Butterbur

Petasites hybridus

Other names:  Sweet Coltsfoot, butter dock, dog rhubarb, exwort

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I sow, I sow,

Then come, my own dear,

Come here, come here,

And mow, and mow.

To find her husband, a young maid sows Butturbur before the sunrise upon a Friday morn.

Her man will appear with a scythe in his hand, yet if her nerve should fail she may say ‘have mercy on me’ and so the vision departs.

do read on….

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Butterbur grows in the damp places, beside rivers, wetlands and ditches. It is a relation of  Coltsfoot.

The flowers appear in the early spring, and like Coltsfoot, the leaves appear afterwards.

In Sweden the plant is grown near to bee hives so that the bees can drink a good supply of early nectar.

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In the middle ages it was used to treat plague and fevers, and in the 17th Century it was a noted treatment for coughs and asthma. Being related to Coltsfoot, this makes complete sense.  To treat these ailments one would harvest the leaves in early summer and the root in late summer, dry and store them for the winter months. A decoction of the root would be made to treat asthma and other bronchi-related ailments.

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The problem with using Butterbur for internal medicine is that modern chemical analysis has shown that it contains some potentially harmful alkaloids. This opens up for us a debate which is ongoing between the pharmaceutical scientists and the traditional herbalists. Is a plant that contains small amounts of toxin actually bad for the system as a whole?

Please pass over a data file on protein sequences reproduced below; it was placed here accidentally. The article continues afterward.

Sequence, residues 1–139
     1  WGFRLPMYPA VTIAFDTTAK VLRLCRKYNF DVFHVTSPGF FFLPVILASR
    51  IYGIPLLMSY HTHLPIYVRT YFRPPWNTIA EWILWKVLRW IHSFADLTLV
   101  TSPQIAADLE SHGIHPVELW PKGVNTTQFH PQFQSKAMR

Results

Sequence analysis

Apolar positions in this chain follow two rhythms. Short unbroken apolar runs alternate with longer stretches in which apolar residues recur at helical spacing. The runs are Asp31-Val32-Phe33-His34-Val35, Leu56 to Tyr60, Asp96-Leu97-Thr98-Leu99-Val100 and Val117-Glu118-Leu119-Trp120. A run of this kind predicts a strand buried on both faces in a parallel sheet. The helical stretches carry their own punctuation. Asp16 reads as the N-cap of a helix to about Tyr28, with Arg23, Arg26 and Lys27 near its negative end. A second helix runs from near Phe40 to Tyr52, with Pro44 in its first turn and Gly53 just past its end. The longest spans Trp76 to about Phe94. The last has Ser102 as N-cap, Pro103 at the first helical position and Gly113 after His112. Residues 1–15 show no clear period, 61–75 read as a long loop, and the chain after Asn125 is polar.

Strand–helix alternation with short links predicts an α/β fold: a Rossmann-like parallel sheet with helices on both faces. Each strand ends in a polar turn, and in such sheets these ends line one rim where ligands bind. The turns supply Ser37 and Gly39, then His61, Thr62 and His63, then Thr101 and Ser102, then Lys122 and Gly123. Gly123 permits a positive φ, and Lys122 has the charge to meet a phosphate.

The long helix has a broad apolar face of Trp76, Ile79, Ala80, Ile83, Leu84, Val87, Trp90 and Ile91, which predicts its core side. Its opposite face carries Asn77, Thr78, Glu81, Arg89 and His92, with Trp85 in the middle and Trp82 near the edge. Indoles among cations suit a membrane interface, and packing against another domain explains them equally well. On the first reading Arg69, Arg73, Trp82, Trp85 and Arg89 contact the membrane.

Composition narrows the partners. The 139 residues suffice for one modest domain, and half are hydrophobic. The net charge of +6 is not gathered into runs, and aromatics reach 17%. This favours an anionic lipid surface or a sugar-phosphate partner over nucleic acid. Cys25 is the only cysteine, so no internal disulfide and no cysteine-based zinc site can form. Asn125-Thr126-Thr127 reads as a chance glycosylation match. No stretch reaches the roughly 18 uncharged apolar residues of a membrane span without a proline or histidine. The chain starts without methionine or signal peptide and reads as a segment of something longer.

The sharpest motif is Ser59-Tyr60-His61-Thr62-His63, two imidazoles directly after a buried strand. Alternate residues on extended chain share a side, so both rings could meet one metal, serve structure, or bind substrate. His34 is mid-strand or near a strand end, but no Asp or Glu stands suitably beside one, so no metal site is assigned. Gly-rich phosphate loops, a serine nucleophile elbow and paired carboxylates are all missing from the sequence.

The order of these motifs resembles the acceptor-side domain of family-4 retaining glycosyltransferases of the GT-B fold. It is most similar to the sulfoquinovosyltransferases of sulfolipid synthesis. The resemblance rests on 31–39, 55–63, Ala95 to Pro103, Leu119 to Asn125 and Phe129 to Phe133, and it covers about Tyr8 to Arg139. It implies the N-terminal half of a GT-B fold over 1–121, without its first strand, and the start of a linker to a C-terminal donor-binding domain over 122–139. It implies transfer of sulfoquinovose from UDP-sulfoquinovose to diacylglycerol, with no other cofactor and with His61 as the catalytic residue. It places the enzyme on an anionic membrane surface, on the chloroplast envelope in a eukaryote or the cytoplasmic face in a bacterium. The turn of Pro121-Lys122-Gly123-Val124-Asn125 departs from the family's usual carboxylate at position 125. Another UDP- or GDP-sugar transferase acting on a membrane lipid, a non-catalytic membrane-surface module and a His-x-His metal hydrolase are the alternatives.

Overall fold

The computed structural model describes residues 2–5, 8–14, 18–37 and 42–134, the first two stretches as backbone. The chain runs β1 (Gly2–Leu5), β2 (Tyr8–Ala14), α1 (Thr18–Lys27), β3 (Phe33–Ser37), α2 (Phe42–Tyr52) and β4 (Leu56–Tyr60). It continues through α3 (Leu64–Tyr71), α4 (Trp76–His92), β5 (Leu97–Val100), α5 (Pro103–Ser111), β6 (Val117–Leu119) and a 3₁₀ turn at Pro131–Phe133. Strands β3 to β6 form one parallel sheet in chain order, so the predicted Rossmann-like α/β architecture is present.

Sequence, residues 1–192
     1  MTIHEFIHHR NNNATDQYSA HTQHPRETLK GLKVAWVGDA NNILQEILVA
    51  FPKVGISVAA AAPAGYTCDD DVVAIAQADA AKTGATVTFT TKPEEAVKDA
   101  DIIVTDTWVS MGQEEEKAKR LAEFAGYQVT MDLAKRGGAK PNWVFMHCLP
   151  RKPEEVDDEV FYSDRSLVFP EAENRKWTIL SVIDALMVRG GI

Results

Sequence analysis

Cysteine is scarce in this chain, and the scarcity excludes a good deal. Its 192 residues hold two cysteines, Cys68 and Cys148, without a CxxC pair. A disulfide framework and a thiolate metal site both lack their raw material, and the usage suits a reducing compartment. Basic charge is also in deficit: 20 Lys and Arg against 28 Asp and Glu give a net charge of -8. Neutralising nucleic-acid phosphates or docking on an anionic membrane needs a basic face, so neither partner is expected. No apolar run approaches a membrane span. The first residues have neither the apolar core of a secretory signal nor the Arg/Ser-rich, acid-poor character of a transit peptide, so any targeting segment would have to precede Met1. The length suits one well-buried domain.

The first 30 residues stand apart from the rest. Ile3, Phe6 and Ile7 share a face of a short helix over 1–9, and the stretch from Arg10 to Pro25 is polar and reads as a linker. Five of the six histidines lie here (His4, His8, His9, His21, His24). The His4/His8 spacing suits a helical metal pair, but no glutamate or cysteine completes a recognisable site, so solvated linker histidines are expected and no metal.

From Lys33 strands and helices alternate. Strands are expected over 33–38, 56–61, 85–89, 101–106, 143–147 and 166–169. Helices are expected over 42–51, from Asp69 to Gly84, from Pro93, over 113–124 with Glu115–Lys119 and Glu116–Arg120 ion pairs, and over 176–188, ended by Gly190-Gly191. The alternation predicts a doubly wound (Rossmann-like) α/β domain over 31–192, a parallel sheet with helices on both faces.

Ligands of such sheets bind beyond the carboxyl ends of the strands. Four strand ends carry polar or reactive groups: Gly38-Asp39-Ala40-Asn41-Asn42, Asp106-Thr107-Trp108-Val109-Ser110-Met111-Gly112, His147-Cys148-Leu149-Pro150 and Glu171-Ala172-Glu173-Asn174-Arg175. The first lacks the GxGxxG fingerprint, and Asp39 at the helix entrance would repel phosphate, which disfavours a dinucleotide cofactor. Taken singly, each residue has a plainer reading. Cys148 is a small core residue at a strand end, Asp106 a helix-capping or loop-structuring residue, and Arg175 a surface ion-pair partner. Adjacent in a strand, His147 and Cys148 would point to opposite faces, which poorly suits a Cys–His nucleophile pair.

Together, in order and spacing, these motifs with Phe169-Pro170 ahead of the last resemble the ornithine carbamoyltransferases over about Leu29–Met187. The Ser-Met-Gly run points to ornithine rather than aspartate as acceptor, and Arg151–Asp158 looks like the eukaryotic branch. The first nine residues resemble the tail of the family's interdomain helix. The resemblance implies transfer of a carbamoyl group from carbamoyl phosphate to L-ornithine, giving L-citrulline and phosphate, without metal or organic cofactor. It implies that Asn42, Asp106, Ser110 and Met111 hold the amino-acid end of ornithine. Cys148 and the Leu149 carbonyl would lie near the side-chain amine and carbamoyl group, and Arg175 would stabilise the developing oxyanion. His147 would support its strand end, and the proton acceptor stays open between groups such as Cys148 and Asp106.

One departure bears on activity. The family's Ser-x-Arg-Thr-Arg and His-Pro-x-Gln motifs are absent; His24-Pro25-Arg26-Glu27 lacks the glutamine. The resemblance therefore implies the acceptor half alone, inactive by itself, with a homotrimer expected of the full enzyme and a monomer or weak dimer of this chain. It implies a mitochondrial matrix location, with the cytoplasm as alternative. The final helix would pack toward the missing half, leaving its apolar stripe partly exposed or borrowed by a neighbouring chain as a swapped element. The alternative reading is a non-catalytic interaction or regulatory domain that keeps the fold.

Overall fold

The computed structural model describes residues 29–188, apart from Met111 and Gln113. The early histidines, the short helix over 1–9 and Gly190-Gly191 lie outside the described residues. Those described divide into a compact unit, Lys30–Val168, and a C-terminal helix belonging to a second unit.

Well, apple pips and apricot kernals contain cyanide, in very small amounts of course. It has been shown that eating your apple pips, as well as certain other foods containing trace amounts of cyanide, releases nitrilosides and vitamin B17 into the system. For years this has been seen by many investigators as a chemical that prevents cancer. It is controversial on the biology scene as it is dealing with cyanide, and fruit. Read an interesting article HERE.

So the intake of certain toxins may not be the great body poisoning it is seen by some to be.

A few years ago there was a study on the toxicity of comfrey. Comfrey has been used in mecdicine since before before, and will continue to be so used. The study fed comfrey to rats for a short while with no adverse effects. Then it fed them the plant for a prolonged period and found that the rats began to develop liver tumours. The conclusion was that comfrey is dangerous. My conclusion is that you shouldn’t have a diet of only comfrey for a prolonged period.

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So back to butterbur. Should it be used as internal medicine? I would say that if you have a cough then Coltsfoot is the safer option. But if plague were to come along, i would consider this plant as internal medicine.

Juliette de Bairacli Levy, the famous herbalist who travelled with Gipsies and Bedouins throughout her life, learning their healing arts, advocates the use of Butterbur for the treatment of migraines.

Juliette has just died at the age of 96. Thank you Juliette for your great works, you have inspired many to learn how to heal themselves and others from what is growing around them.

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The plant can certainly be used externally as a poultice for wounds and skin eruptions. Pulp it up a bit and apply it to the wounded area, and tie it on with a clean cotton cloth.

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Butterbur leaves grow enormous. The herbalist John Gerard once said that the leave were large enough

“to kepe a man’s head from raine, and from the heats of the sunne……

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sources :
The Folklore of Plants - Margaret Baker
www.pfaf.org
The illustrated Herbal Handbook - Juliette de Bairacle Levy

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